If the great monster is distinguished by the regularized, systemized use of corporal punishment for various infractions of its arbitrary whims and desires both large and small, can we in good conscience emulate its example when we seek to punish misbehavior by those who are dependent on us for rules we impose as parents?
Enacting pain is only a short-term solution to the longer-term problem of self-discipline. Putting a recidivist thief to death is not the type of society I think we would want to live in. A libertarian society should, hopefully, be better than the fundies in Saudi Arabia . Should we expect that the application of force will cause a child that has not learned self-discipline to mature faster?
Recently, a study on spanking by Statistics Canada that has followed thousands of Canadian children since 1994 claimed to find that parents who are less aggressive with their children (don't yell and hit when disciplining) raise children who in turn, are less aggressive themselves and get along well with others. And conversely, aggressive parenting produces aggressive children. Now, obviously a study produced by the State, even a mildly homicidal one like the Canadian regime, must be taken with caution. Anyone can have a survey or poll find whatever they want, (after all, 14% of people know that).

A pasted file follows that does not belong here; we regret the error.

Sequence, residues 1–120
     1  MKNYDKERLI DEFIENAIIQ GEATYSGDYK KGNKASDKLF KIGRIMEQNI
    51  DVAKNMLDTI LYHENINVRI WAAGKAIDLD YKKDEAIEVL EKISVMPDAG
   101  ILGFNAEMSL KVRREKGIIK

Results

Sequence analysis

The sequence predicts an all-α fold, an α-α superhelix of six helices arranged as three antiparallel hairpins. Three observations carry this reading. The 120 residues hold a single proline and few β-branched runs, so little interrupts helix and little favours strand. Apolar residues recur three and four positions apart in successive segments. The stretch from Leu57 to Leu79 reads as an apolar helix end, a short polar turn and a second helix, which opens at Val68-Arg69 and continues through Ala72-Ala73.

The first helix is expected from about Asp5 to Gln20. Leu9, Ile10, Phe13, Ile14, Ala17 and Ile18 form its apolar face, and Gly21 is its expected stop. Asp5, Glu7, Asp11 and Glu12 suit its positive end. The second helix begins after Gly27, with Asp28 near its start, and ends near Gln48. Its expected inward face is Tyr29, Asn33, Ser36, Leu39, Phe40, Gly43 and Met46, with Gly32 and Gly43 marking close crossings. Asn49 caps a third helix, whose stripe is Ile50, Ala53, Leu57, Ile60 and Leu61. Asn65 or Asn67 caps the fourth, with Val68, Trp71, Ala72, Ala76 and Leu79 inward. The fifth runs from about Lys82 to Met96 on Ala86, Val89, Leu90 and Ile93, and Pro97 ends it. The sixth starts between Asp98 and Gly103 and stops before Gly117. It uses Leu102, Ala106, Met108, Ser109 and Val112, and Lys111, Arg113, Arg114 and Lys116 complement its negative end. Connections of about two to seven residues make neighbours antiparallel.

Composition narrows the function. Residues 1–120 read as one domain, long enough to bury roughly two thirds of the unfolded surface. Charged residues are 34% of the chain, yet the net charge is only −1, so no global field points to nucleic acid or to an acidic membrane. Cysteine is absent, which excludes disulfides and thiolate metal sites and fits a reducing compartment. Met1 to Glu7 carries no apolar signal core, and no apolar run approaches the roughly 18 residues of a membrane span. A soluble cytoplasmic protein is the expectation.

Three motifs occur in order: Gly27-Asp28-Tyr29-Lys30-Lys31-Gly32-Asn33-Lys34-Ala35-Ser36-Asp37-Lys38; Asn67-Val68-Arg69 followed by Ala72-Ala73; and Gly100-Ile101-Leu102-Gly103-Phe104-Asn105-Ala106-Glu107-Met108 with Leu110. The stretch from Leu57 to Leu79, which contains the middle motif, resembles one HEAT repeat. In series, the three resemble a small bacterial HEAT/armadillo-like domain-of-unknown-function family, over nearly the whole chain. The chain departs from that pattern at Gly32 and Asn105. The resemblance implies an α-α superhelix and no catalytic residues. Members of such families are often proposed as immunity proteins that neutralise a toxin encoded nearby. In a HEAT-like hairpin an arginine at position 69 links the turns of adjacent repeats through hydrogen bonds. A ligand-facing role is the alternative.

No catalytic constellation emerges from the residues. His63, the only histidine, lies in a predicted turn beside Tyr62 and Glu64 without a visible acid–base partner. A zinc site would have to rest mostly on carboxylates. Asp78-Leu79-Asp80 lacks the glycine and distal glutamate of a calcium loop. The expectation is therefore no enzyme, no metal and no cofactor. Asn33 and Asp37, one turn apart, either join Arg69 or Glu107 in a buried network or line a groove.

When we libertarians look out backwards and forwards in time, learning from the past and trying to prevent a darker future by offering alternatives to the present humiliation, we have suggested that the alternative to using violence to correct misbehavior or crime is through the use of monetary disincentives. By attaching costs and responsibilities to behavior, namely in the order of punishment and restitution to the victims, in place of the current regime of punishment for its own sake, we believe that we can discourage state-created anti-social behavior.
Could replacing coercive punishments with monetary awards for damages and restitution work with children? Instead of spanking as the tool for encouraging discipline through fear and behavior correction through pain, could a system based on restitution work? A child, even small children, could be given a small sum of money, even just 50 cents or a dollar, each day or week that they can use the next day to buy a small amount of candy or something, but only if they behave. If they misbehave, these funds provide a source of income that can be used to pay a fine or restitution, say 25 cents that day, if the misbehavior took place on your property (presumably it would), and if the misbehavior involved another child, your child could pay restitution, even if it is only a dime or a quarter to the other child that he wronged (say for starting a fight or using his toys without his permission).
This might sound strange to some, and an unlikely system for children to understand. However, by early on placing a direct cost to the child in lost candy income or whatever for his misbehavior, justly defined, of course, perhaps this would successfully begin their understanding of property rights and ownership, and teach them the value of a dollar.
In our libertarian vision for society, isn't it better to encourage children to behave by introducing children early on to the checks and balances inherent in the system of property ownership, instead of resorting to the model of the State, and imposing physical pain?